To test whether SF could increase the ability of RPE 19 cells to withstand oxidative stress, the dose dependent experiments were conducted. The experiments showed that 10 μM SF was the optimal amount of SF to endow the ability of antioxidative stress for RPE 19 cells (see Figure 1 in Supplementary Material available online at http://dx.doi.org/10.1155/2013/413024). To asses the antiappototic ability endowed by SF in RPE 19 cells, the cells were pretreated with 10 μM SF or PBS (control) for 12 hours, and then 400 μM H2O2 was to induce cellular apoptosis. Representative flow cytometry images showed that the apoptotic rates in cultured RPE 19 cells did not differ between the groups treated with PBS or SF alone (Figures 1(a) and 1(b)). However, in those cultures treated with H2O2, RPE cell viability was much higher in the cells pretreated with SF than in the PBS treated cultures. (Figures 1(c) and 1(d)). The data from four independent experiments, compiled and analyzed quantitatively, are shown (Figure 1(e)). By comparison of the different time points for H2O2 treatment, it is seen that the peak of cellular apoptosis occurs at 12 hours. The percentage of apoptotic RPE cells was 48% in the group treated with PBS and H2O2, whereas it was only 14% in the cultures treated with SF and H2O2. Statistical analysis showed that the value was less than 0.01 between the groups with and without SF treatment. The percentage of apoptotic cells increases from 6 to 12 hours (19% to 48%) but decreases after 18 hours (35%) with H2O2. ( value < 0.01 (Figure 1(e))). This decrease at 18 hours is most likely due to cells already having gone through apoptosis and simply not present for detection at this time point. The antioxidative effects of SF against oxidative stress were observed at 6 hours; reaching a maximum at the 12-hour time point and were slightly reduced at 18 hours.

3.2. Identification of Genes Responsive to SF Treatment by Microarray Analysis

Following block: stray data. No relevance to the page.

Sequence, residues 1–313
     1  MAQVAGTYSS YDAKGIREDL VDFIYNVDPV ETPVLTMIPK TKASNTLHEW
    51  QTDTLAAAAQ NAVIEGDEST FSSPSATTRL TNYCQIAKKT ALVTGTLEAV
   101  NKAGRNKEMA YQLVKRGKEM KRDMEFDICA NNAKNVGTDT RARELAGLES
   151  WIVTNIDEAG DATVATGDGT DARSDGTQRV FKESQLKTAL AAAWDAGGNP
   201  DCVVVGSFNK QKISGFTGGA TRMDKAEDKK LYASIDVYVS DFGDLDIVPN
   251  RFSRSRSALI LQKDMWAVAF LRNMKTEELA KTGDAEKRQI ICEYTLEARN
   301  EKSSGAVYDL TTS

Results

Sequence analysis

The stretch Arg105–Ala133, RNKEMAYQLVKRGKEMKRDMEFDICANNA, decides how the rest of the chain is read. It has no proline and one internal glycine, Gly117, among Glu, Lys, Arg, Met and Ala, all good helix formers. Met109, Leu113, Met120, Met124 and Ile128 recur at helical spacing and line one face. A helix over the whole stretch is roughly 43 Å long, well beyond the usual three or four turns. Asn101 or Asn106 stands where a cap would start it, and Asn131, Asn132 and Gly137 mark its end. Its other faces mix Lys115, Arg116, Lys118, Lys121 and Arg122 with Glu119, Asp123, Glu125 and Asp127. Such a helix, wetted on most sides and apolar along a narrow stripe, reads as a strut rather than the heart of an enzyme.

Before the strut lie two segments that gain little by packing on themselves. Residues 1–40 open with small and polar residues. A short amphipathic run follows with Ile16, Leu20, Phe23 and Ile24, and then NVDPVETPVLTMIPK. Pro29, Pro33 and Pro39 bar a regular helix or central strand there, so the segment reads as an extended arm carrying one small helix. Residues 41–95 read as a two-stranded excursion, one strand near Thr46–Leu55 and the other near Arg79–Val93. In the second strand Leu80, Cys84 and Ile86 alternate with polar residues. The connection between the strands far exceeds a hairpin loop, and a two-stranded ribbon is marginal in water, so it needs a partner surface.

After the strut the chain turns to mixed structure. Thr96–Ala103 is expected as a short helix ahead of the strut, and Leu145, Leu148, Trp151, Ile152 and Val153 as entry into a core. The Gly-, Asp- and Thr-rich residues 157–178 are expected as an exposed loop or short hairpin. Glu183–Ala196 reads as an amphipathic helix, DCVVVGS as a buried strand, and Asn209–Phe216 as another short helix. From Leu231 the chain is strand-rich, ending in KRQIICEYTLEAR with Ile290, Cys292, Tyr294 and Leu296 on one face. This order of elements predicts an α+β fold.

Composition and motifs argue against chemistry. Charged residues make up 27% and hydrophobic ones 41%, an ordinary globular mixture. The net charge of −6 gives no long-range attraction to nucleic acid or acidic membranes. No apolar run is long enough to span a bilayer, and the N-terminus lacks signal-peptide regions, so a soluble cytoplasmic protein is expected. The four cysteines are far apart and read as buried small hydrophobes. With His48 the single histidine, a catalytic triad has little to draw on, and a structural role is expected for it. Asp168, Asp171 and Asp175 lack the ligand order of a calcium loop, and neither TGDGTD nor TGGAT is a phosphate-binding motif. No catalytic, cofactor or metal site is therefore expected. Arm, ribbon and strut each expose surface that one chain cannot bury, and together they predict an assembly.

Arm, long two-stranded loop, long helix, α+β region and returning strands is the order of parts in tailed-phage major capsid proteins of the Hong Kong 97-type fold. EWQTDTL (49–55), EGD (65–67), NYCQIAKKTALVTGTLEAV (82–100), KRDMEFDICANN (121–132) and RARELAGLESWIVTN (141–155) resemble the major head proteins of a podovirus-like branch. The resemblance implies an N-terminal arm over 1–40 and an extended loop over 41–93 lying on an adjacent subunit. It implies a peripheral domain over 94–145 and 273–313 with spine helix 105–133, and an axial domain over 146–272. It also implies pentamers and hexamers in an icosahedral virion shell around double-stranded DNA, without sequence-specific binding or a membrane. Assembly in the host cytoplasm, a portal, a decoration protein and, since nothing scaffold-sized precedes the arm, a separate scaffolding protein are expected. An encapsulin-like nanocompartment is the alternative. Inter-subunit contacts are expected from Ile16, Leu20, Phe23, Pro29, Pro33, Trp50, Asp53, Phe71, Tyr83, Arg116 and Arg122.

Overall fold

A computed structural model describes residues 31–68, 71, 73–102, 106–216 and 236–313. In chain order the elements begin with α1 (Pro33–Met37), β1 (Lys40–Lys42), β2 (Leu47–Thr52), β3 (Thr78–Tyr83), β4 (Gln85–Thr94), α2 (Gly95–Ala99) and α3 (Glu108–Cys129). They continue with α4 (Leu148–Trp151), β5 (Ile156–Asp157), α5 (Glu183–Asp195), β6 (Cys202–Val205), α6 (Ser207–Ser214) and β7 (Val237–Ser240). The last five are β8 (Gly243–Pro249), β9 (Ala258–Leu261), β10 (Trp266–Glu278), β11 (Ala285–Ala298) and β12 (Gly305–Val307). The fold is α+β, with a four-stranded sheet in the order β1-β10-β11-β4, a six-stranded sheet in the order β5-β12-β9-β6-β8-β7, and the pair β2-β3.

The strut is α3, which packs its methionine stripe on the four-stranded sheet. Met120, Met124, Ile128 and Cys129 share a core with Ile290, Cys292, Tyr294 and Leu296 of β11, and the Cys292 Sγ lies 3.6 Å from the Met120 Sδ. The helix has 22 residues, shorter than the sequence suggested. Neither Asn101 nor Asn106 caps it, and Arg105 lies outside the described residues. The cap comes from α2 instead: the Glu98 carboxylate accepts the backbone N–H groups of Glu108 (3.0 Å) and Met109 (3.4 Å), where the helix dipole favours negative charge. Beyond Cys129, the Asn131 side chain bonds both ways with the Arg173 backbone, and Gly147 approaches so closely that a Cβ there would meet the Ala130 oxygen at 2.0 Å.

To investigate the antiapoptotic mechanism by SF in human RPE 19 cells, the cells were exposed to 10 μM SF for up to 12 hours, and total RNA samples were collected at 0, 6, and 12 hours after treatment with SF and analyzed by microarray analysis. The genes responsive to SF treatment were selected by the multivariate permutation test [13]. All genes that were at least two fold differentially expressed among any of the 3 treatment time points were designated as “hypervariable genes” and input into Affymetrix NetAffx (Affymetrix, Santa Clara, CA) for full annotation. These genes were further refined by eliminating genes with no symbol and with expression less than 50 (~background). From the 47,000 genes in the array, 69 genes were selected as “hypervariable genes.”

The normalized, logged, and averaged expression values of the selected 69 genes from four treatments were input into SpotFire DecisionSite 9.0 software (TIBCO Software, Palo Alto, CA) to create an expression heatmap. The image of the heatmap was created by hierarchical clustering function in SpotFire with Ward’s method, which represents the changes and the descriptions of these genes. Compared to 0 h, 31 of 69 genes were upregulated, and the rest of 38 were downregulated in RPE cells at 6 h and 12 h treated with SF. Green represents a lower level of gene expressions, and red represents a higher level of gene expressions (Figure 2).